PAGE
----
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These staggering numbers inevitably raise the question—”Why?” A Harvard Business Review study reported the main reasons as “insufficient organizational alignment, lack of middle management understanding, and business resistance.” Too often, executives just didn’t find that the analytics results addressed issues important to them. Analytics professionals or “data scientists” tend to focus too much on crunching the data, and too little thinking about how it applies key business decisions and objectives. There are now many excellent tools for cleaning, analyzing, and visualizing data, but they don’t really help in structuring the decision options, defining organizational objectives, or modeling an evolving and dynamic competitive landscape. You can’t extract this information from data, which is inevitably only about the past. You need to consult with senior decision makers and subject matter experts. In short, you need to build a bridge between data analysis and human intelligence.
This is where Lumina Decision Systems comes to the rescue. Lumina designed its flagship software product, Analytica®, to help analysts structure decisions and objectives, and link them with quantitative models. Analytica helps users visualize problems with clarity and power, far beyond what is possible with conventional spreadsheets and BI tools, or statistical and ML applications. It is being used by clients from a wide range of industries, including finance, healthcare, energy, environment, aerospace, and telecommunications.
In an interview with the editorial team of CIO Applications, Max Henrion, CEO of Lumina, discusses how his company works closely with clients to develop effective decision models of the complex and uncertain environment faced by their organizations.
Could you provide a brief overview of Lumina Decision Systems?
Lumina specializes in providing software to help organizations bridge from data analytics to effective decision making. We provide processes and tools for analytics, modeling, and structuring decision problems, notably our Analytica suite of software. We also provide consulting and training to assist analytics teams in learning how to develop dynamic decision models.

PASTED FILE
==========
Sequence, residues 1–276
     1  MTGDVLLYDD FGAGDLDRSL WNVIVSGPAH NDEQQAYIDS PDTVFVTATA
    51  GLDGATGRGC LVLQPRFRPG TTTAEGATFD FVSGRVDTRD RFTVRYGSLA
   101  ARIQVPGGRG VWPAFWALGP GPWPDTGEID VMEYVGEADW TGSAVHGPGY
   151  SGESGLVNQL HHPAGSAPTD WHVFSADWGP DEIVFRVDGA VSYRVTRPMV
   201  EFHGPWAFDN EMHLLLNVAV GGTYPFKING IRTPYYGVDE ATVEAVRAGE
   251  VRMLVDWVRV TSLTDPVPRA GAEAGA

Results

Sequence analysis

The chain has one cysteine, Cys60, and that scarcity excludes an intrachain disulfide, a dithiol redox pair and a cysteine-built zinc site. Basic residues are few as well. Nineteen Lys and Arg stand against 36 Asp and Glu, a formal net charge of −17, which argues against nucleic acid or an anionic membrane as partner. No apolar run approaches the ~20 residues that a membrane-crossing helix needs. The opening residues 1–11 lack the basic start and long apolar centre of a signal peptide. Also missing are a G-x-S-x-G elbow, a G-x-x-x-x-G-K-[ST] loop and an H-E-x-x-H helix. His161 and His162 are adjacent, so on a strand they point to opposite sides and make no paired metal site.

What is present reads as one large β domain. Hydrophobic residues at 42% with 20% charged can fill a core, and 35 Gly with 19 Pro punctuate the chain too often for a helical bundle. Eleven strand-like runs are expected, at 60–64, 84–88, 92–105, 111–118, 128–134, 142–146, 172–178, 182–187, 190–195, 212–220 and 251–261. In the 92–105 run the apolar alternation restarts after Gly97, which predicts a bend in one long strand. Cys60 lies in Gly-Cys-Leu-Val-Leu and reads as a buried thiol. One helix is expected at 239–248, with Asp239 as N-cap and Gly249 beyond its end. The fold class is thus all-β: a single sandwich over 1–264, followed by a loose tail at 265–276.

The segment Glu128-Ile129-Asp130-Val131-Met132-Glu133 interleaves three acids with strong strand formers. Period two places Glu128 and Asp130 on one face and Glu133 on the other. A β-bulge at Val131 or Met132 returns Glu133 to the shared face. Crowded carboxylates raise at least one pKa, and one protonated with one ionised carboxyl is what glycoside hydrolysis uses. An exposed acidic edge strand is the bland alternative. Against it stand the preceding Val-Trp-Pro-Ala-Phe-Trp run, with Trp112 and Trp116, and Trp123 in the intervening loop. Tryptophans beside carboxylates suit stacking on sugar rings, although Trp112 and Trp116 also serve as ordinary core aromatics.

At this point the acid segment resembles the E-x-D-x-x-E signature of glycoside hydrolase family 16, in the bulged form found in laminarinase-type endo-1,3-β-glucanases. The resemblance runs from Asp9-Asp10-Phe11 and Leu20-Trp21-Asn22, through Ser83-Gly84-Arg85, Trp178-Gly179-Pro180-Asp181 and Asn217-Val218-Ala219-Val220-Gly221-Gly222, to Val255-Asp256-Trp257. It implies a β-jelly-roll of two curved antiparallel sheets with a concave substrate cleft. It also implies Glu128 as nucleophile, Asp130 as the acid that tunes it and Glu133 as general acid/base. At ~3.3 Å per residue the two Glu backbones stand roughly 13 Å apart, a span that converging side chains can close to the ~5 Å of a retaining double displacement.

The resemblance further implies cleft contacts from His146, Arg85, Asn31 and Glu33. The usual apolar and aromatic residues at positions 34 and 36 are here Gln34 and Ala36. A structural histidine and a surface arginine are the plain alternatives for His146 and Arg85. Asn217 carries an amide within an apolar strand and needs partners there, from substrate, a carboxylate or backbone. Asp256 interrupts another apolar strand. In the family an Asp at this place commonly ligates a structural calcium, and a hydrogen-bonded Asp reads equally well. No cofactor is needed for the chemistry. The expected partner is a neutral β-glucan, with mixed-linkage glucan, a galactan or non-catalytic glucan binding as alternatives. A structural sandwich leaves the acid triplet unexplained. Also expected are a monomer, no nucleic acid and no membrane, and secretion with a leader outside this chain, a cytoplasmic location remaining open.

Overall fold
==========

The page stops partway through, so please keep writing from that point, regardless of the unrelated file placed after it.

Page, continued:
What are some of the major market challenges that your company addresses?
For instance, suppose an automobile maker wants to forecast sales over the next decade to help in planning R&D and manufacturing capacity including conventional fossil-fueled models and electric or hydrogen vehicles. The analytics team can fit statistical models to the last ten years’ sales data. But, that data alone won’t help you project the adoption curve for completely new products and technologies from the company and its competitors, or the effects of new government regulations on efficiency and emissions. But the company will have experts who understand a lot about the technology, the markets, and government policy and can help make useful predictions based on their judgments.
In a rapidly changing World, predictive analytics can’t simply extrapolate trends from historical data. Tools for effective decision making must combine data analytics with dynamic models based on human expertise
Could you shed light on the services you offer?
Analytica helps subject matter experts structure their predictions and judgments in an organized way. It provides influence diagrams as an intuitive, visual way to capture expert knowledge. Influence diagrams depict the decisions, uncertainties, and objectives as nodes with standard shapes. It shows causal and probabilistic influences among the variables as arrows. (See the example influence diagram.) After drawing influence diagrams as a qualitative representation of the key factors, users add formulas to each variable to quantify the influences. These may be simple accounting relationships, such as “Earnings = Revenues – Costs,” empirical relationships based on statistical or ML models, or causal relationships expressing expert judgments.